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‘Perfect storm’: Growing calls to address domestic violence during coronavirus

Click to play video: 'Reports of domestic violence rise during COVID-19 pandemic' Reports of domestic violence rise during COVID-19 pandemic
WATCH ABOVE: Reports of domestic violence rise during COVID-19 pandemic – Nov 18, 2020

Women facing a spike in domestic violence in Canada amid the coronavirus pandemic need more support from the government and provincial authorities, shelter homes and experts say.

A new national report published by Women’s Shelters Canada (WSC) on Wednesday to coincide with the International Day for the Elimination of Violence Against Women, found an increase in the frequency and severity of violence against women since March, when public health lockdown measures were imposed in different provinces.

Read more: Women facing more violence amid coronavirus pandemic: national survey

“COVID and the associated social isolation is kind of a perfect storm for domestic violence,” Katreena Scott, incoming director of the Centre for Research and Education on Violence Against Women and Children at Western University, told Global News.

The higher burden of responsibilities at home, stress of the pandemic, a breakdown of the response systems in terms of courts and the police, as well as reduced informal support has exacerbated the problem for many women, she added.

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Danya O’Malley, the executive director of Prince Edward Island Family Violence Prevention Services — one of the 266 shelter homes that took part in the national survey — said they noticed a decrease in the demand for support calls to their crisis line.

“I believe the big reason for that was that people just weren’t at liberty to call,” she told Global News.

Provincial stay-at-home measures, school closures and restriction-related job losses meant women were often in close proximity to their abusers all hours of the day, leaving them little chance to reach out for help.

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“Either they’re living with their abusive partner or they’re now home with their children all the time, and so there were fewer people reaching out for support.”

Click to play video: 'Domestic violence spikes again during second wave of pandemic' Domestic violence spikes again during second wave of pandemic
Domestic violence spikes again during second wave of pandemic – Nov 12, 2020

Globally, there has been an uptick in domestic violence during the pandemic. And women have been disproportionately hit – both socially and economically.

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“There are women who are continuing to lose jobs or who are deciding to leave the workforce because it’s just not possible for them to do everything,” Scott said.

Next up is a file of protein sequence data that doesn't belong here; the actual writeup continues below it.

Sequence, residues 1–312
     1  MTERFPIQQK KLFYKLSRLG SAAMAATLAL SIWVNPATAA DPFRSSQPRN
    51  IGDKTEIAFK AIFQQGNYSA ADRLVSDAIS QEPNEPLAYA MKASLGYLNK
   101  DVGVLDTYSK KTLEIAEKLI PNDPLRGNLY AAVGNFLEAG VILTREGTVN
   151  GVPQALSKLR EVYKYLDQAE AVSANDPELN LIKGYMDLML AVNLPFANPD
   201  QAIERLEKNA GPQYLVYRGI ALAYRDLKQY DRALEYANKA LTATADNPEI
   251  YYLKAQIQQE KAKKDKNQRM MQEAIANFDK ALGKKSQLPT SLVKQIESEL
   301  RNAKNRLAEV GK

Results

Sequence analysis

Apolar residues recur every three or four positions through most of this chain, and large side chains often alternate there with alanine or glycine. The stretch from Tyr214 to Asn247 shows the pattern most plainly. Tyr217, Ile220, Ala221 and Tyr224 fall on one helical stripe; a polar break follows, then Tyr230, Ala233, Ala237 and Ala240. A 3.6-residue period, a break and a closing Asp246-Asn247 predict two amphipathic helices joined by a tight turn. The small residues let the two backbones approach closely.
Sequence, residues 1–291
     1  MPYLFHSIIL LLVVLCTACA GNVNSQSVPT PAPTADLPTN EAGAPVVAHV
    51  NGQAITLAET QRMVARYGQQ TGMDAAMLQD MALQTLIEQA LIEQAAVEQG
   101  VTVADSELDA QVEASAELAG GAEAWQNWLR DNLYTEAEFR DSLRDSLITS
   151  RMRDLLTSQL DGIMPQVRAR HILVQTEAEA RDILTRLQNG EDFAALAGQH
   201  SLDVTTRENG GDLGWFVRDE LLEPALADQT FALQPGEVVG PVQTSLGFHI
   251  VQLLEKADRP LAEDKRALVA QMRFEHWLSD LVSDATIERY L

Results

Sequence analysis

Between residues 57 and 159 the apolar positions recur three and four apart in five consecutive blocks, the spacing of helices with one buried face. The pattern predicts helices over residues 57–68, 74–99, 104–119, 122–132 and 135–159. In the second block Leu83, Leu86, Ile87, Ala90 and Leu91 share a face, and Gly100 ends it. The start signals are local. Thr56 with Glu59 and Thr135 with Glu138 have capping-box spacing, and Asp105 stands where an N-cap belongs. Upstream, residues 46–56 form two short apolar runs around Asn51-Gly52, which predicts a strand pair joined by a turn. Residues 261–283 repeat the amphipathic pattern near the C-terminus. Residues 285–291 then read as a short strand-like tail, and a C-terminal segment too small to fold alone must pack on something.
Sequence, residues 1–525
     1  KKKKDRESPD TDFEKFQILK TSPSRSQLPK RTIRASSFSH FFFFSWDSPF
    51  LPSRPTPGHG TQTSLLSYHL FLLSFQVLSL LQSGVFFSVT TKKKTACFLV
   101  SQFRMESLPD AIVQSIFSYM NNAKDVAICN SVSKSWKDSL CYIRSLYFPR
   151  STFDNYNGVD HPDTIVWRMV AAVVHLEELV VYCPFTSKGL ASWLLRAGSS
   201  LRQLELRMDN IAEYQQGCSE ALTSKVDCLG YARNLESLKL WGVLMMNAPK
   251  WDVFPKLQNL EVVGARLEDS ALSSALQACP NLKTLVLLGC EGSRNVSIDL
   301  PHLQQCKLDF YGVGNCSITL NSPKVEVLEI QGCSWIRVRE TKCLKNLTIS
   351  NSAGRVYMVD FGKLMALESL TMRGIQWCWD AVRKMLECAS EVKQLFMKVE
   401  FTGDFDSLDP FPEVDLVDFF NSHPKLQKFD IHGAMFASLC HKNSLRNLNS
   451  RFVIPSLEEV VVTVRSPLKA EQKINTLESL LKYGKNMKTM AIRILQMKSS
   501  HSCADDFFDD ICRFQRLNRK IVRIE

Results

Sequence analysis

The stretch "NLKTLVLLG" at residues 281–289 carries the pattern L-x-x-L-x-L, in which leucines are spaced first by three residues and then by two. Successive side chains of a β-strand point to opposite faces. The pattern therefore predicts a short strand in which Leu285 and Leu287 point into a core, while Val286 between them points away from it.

According to the United Nations, projections show that for every three months a lockdown continues, an additional 15 million women are expected to be affected by violence.

In Canada, the government has provided $100 million in additional funding for shelters and organizations helping victims of domestic abuse.

But with donations and charitable events curtailed, more needs to be done, experts say.

“Canada has not prioritized the impact on women as part of the COVID-19 strategy,” said Angela Marie MacDougall, executive director of Battered Women’s Support Services (BWSS) in Vancouver, adding that the funding has not been sufficient to recognize the need.

Read more: Domestic violence in B.C. could ‘remain behind closed doors’ amid COVID-19, group warns

According to a government survey in July, most victim services that responded said they were impacted by their ability to access resources for clients and their shift to working remotely.

Even so, women’s support groups and shelter homes across the country have stressed the need to seek help during this difficult time, reassuring victims that their crisis lines were open.

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Click to play video: 'Fewer calls for domestic violence support in Manitoba has experts concerned' Fewer calls for domestic violence support in Manitoba has experts concerned
Fewer calls for domestic violence support in Manitoba has experts concerned – Nov 12, 2020

“A lot of places have moved to having more options available for people to be able to contact them,” O’Malley said.

“More crisis lines are included and now available by text or chat on their website, and that’s a way for people to be able to reach out in a quiet and private sort of way if they’re at home.”

Meanwhile, Scott said bringing men into the conversation was also important.

She added that federal and provincial governments should invest in opportunities and an initiative that would work with men who cause harm, to try to intervene early and reduce their use of violence.

“I would love to see more investment in the work with those who are causing harm so that we could actually take this from both ends,” O’Malley said.

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